How Can a Community Association DBS Transfer Risk?
All Rights Reserved © Joel W. Meskin 2019
This article is in regard to developer/builder/sponsor (DBS) controlled boards and the importance of coverage for the Wrongful acts of these DBS appointed board members while they’re on the board in their capacity of board members. It is also imperative at such time when volunteer homeowner members take over control of the association that they determine the best strategy to protect both the appointed board members and the homeowner board members at the time of transition of control. The builder’s board members are excluded from the association’s D&O policies in terms of their roles or authorities as DBS. They are, however, covered in terms of their actions and authorities, activities in regard to association board membership (and acting within their fiduciary duty to the association). However, not all policies cover DBS members in the same way as past homeowner board members once they are no longer on the board.
The nature and extent of insurance coverage for DBS board members on a community association director and officer liability insurance policy (D&O) must be understood before a DBS risk strategy can be developed.
No community association D&O policy provides coverage for the DBS in his or her capacity as a DBS. All DBS activities, including construction defect claims are expressly excluded in the normal course. When coverage is provided, it is solely provided to the DBS representative serving on the community association board. These DBS board members have the same duties and obligations as those required of unit owner volunteer directors and officers.
A frequent misconception that must be clarified is that there is never coverage for the DBS entity. Rather, the only coverage is for the DBS representatives appointed to the board.
The DBS are the individuals or entities that initially form and establish virtually all associations and are, in the normal course, the original “declarant.”
When the DBS declarant forms the community association, they are normally the 100% owner and control the formed community association. This ownership can take many different forms. The DBS may operate the project and not establish the association until the DBS is finished or a certain portion of the development is completed. Some states require that the actual community association be organized at the inception of the project and may have rules regarding transition, which may also be included in the governing documents.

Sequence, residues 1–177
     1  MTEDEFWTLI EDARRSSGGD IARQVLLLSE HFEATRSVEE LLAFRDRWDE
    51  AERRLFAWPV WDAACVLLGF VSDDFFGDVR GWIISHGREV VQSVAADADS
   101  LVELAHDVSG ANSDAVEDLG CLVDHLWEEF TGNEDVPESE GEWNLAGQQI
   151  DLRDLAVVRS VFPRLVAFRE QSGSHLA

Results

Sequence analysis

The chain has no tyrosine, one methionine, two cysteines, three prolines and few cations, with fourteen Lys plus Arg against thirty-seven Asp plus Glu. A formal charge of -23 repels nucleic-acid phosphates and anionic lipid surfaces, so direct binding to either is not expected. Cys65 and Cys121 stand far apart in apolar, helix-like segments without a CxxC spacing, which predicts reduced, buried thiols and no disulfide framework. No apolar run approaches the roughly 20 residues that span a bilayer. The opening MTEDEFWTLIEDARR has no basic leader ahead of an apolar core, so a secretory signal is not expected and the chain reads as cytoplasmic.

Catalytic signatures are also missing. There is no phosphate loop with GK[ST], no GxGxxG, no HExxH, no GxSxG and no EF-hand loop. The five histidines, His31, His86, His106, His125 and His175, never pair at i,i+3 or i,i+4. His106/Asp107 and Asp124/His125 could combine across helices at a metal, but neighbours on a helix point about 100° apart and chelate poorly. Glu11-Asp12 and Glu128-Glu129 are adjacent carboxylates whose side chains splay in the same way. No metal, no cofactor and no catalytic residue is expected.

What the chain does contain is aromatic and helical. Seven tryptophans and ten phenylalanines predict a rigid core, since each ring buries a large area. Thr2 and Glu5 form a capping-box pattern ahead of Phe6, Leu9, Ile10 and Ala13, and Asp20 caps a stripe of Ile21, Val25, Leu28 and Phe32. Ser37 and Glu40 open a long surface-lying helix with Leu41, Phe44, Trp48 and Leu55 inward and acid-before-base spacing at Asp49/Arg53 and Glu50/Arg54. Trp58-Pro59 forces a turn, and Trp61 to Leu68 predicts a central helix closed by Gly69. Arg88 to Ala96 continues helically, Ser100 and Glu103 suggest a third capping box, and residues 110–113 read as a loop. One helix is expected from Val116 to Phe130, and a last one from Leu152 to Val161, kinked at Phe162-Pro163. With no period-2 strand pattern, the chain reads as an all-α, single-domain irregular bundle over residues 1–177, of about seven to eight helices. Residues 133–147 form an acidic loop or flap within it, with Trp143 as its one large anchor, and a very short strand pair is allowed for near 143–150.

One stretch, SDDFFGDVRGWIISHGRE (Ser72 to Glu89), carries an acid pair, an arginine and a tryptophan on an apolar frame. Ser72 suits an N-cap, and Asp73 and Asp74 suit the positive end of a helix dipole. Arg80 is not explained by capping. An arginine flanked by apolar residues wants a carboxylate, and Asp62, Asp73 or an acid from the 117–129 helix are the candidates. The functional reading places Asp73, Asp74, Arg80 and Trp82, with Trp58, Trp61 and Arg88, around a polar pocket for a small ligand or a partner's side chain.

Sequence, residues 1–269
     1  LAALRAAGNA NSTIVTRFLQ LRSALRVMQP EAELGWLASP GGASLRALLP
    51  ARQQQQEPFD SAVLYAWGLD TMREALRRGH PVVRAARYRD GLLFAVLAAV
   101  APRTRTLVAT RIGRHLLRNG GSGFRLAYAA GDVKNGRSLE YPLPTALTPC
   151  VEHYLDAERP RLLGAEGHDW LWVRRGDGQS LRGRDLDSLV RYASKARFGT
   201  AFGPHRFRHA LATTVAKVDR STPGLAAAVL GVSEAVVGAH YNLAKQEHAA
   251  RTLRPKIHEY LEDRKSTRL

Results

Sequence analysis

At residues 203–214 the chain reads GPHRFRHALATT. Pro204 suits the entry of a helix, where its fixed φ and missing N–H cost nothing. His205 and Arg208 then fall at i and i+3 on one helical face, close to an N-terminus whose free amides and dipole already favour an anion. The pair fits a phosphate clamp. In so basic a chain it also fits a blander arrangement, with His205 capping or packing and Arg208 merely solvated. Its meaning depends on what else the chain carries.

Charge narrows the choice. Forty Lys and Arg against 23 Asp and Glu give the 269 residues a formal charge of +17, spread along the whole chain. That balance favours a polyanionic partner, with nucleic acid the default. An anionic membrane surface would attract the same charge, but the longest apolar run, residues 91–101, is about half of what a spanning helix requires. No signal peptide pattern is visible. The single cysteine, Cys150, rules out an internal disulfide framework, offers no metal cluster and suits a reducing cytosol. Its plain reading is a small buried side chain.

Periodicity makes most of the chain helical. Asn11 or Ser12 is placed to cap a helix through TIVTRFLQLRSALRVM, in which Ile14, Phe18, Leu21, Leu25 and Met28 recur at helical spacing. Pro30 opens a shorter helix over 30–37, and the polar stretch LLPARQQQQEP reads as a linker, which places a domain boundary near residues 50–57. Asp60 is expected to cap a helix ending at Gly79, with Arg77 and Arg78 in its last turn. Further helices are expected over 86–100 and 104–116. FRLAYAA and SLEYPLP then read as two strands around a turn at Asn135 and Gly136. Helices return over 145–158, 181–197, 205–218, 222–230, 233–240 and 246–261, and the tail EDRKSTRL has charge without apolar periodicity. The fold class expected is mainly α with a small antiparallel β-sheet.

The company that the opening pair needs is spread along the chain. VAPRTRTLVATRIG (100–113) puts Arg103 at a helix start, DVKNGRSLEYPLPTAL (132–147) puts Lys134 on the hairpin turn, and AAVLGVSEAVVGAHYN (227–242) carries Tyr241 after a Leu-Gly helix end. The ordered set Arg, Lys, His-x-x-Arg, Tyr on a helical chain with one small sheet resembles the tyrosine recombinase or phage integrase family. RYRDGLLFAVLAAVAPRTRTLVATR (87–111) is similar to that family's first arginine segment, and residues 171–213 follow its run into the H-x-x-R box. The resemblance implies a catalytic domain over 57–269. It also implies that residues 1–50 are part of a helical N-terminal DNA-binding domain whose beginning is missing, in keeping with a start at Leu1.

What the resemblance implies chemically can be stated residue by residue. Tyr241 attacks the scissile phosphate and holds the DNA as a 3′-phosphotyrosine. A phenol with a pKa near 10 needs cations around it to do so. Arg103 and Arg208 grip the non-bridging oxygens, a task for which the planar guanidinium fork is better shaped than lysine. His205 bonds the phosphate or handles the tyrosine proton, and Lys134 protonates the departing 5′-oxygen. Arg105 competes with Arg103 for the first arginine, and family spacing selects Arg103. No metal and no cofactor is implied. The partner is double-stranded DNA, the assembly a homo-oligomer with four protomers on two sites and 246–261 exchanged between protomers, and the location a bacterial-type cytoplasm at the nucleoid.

At some point, the DBS prepares the governing documents, including the Articles of Incorporation (in the normal course), Declaration of Covenants, Conditions and Restrictions (CC&R”), Bylaws, and any association rules within the board’s authority.
Once the association is formed, the DBS, in the normal course of business, “appoints” the initial board member(s) who are DBS representative board members. The DBS may also, in some instances depending on the size of the DBS, be the initial board him or herself. The DBS representative board members, as well as the community association entity are the Insureds under the policy on day one. Without the “legal entity” being formed, a D&O policy cannot be written, at least in a typical not-for-profit D&O program. Without an association being an organized legal entity, it has no legal standing to defend itself. No carrier wants to defend a defenseless entity.
At specific benchmarks set forth in the governing documents, or pursuant to state statute, DBS representative board members exit the board and unit owners join the board. At some point defined in the governing documents, the association transitions to full unit owner control.
CAVEAT: when a DBS and or a DBS representative is on the board and controls the board he or she has a primary fiduciary duty to the association and owes the association a Duty of Loyalty and a Duty of Good Faith.
CAUTION: be sure that the DBS representative board members are covered when they exit the board to the same extent and degree as any other “former” board members. In some policies they are, but in some not. In other policies they may be covered for a specific period of time. And some policies provide “no” coverage for DBS board members at all when they exit the board.
Typical DBS Exclusions